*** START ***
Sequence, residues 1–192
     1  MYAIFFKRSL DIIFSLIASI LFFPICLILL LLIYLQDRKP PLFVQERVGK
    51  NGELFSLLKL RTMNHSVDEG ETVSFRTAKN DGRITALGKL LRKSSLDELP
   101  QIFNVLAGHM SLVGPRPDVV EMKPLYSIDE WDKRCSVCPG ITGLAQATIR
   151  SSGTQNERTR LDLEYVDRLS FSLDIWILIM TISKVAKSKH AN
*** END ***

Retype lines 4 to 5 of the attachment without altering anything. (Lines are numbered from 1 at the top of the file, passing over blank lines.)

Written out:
   101  QIFNVLAGHM SLVGPRPDVV EMKPLYSIDE WDKRCSVCPG ITGLAQATIR
   151  SSGTQNERTR LDLEYVDRLS FSLDIWILIM TISKVAKSKH AN